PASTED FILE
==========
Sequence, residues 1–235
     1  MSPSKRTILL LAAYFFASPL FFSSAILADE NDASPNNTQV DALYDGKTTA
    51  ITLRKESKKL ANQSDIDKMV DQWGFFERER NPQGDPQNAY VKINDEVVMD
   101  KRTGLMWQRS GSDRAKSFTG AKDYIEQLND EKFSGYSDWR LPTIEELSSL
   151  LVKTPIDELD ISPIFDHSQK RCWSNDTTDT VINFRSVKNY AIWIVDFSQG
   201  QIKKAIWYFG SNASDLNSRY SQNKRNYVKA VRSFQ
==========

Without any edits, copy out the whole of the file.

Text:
Sequence, residues 1–235
     1  MSPSKRTILL LAAYFFASPL FFSSAILADE NDASPNNTQV DALYDGKTTA
    51  ITLRKESKKL ANQSDIDKMV DQWGFFERER NPQGDPQNAY VKINDEVVMD
   101  KRTGLMWQRS GSDRAKSFTG AKDYIEQLND EKFSGYSDWR LPTIEELSSL
   151  LVKTPIDELD ISPIFDHSQK RCWSNDTTDT VINFRSVKNY AIWIVDFSQG
   201  QIKKAIWYFG SNASDLNSRY SQNKRNYVKA VRSFQ